Vienna: The US and India have begun talks to flesh out rules for Indian reprocessing of spent US atomic fuel, a crucial part of a nuclear cooperation pact critics fear will erode non-proliferation standards.
Talks got under way in Vienna after the sides agreed during a New Delhi visit by Secretary of State Hillary Clinton on two sites for US firms to build nuclear reactors under the pact, which lifts a 34-year nuclear ban on atomic trade with India.
The high-level negotiations were held on Tuesday and Wednesday under a cloak of secrecy, diplomats said. Both sides declined comment. It was not known when talks would resume. Washington and New Delhi have allowed up to a year to settle on ways to ensure spent US fuel is reprocessed in India for electricity at designated civilian reactors subject to UN inspections, not turned into plutonium for nuclear weapons.
The world’s largest democracy is, like Pakistan and Israel, outside the Non-Proliferation Treaty (NPT).
Finalized last year, the civil nuclear accord grants India access to nuclear equipment and materials from the US and other major supplier powers, ending a long embargo imposed following New Delhi’s 1974 nuclear bomb test.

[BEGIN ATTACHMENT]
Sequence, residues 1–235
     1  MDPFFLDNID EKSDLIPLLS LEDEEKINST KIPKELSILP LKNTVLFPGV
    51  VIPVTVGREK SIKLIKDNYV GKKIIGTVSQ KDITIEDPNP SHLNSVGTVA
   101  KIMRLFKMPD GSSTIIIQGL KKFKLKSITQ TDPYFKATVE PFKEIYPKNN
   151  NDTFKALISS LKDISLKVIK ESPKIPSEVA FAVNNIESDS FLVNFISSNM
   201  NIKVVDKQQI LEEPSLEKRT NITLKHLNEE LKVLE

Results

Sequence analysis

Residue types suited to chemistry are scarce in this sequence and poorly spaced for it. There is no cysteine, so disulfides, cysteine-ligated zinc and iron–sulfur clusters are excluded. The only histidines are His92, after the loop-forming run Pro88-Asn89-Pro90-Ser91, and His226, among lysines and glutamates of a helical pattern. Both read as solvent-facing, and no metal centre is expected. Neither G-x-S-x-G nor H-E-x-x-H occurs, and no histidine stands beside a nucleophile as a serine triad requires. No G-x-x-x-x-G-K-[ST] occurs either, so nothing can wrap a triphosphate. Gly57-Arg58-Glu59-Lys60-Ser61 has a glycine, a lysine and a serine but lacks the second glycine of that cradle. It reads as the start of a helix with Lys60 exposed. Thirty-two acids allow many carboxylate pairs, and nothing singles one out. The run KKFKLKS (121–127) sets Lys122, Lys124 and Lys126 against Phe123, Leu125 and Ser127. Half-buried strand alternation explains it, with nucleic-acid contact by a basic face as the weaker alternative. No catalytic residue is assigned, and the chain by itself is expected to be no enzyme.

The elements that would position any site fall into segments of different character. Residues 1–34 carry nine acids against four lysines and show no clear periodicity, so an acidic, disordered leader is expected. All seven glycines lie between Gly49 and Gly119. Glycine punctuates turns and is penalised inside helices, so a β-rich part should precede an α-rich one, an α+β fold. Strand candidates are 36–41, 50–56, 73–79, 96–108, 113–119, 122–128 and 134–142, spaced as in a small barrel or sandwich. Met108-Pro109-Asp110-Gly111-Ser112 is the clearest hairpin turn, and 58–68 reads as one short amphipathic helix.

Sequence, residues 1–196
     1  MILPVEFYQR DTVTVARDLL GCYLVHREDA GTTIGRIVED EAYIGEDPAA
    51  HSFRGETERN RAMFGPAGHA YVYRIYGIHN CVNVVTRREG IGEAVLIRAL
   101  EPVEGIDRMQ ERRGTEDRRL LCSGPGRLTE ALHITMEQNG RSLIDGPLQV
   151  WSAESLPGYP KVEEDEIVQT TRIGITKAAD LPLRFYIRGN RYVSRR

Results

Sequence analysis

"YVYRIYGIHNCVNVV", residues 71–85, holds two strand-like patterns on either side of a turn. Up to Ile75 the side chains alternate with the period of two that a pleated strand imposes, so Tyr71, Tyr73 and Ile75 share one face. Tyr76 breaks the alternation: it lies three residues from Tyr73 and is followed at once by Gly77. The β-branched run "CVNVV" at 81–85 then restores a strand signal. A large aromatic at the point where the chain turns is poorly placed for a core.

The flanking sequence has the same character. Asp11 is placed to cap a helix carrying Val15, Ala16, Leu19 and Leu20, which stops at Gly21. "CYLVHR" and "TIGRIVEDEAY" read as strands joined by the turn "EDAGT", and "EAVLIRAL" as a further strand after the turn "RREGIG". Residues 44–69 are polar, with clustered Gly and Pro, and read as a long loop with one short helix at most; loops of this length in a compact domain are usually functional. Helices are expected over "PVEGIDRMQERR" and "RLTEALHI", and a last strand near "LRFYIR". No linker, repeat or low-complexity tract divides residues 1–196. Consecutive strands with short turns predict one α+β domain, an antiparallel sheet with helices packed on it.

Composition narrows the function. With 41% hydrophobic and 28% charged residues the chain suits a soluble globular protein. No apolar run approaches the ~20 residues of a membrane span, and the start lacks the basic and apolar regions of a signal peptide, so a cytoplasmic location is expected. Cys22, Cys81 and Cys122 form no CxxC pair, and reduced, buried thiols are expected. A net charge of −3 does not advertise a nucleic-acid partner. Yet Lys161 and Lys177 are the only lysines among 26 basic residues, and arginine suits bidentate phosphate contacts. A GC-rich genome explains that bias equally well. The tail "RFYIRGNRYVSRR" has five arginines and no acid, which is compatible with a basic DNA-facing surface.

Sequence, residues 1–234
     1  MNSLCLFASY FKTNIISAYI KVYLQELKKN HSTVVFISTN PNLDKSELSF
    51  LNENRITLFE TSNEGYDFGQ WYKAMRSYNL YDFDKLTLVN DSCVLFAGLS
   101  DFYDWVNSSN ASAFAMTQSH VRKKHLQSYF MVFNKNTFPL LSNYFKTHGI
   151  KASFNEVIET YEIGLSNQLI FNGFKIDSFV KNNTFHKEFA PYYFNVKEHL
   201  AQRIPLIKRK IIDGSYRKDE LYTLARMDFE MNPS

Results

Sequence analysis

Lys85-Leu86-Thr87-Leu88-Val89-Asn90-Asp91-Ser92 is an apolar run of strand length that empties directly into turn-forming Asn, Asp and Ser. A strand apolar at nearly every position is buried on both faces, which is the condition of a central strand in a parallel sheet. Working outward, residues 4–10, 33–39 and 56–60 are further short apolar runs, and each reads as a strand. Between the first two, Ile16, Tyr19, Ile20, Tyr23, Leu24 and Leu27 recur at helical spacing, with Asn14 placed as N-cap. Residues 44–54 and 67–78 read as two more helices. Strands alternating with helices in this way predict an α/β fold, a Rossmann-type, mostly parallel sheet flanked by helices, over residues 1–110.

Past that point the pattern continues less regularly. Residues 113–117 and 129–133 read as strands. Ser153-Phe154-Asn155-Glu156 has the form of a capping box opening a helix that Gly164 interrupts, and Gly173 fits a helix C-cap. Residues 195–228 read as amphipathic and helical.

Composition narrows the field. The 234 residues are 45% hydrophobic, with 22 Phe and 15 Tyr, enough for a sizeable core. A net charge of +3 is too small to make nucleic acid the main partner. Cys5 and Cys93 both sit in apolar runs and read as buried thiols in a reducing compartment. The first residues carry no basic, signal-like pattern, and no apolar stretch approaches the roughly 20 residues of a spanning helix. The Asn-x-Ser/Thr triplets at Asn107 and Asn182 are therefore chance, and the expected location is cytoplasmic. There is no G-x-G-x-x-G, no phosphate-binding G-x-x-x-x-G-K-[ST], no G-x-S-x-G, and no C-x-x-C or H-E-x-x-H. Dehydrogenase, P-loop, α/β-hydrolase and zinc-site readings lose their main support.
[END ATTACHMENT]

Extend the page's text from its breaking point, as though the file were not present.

Backers say the pact will help to meet soaring energy demand in India, cut fossil fuel emissions linked to climate change, open up a multibillion-dollar nuclear market and forge a US-Indian strategic partnership drawing India into the centre of efforts to prevent the further spread of nuclear weapons.
Fears For Fate Of Non-Proliferation
Disarmament advocates say the accord, hatched by former US President George W. Bush, undercuts the NPT by rewarding a rare non-member and sending the wrong message to other nations, like Iran, alleged to have violated the treaty.
They fear India’s civilian and military atomic sectors are not adequately separated and that importing nuclear material could let India use more of its limited indigenous supplies for its bomb programme, and drive Pakistan into another arms race.
The US has made an exception of India while, with Iran in mind, seeking to tighten restrictions on exports of nuclear fuel enrichment and reprocessing technology by the 45-nation Nuclear Suppliers Group (NSG).
G-8 industrialized powers endorsed that policy at a summit in Italy two weeks ago, prompting Clinton to reassure New Delhi during her visit that the US-India deal would not be affected.
“We have just completed a civil nuclear deal with India. If it is done within the appropriate channels and carefully safeguarded (against diversions into bombmaking), as it is in the case of India, then that is appropriate,” said Clinton.
“But we are very much opposed to unauthorized, inappropriate transfers that unfortunately can take place by certain countries or non-state actors doing so,” she told reporters on Monday.
The cooperation pact requires India to subject 14 of its 22 current or planned nuclear reactors to International Atomic Energy Agency inspections by 2014. India has yet to specify which reactors will come under monitoring.
India’s military reactors will remain off limits.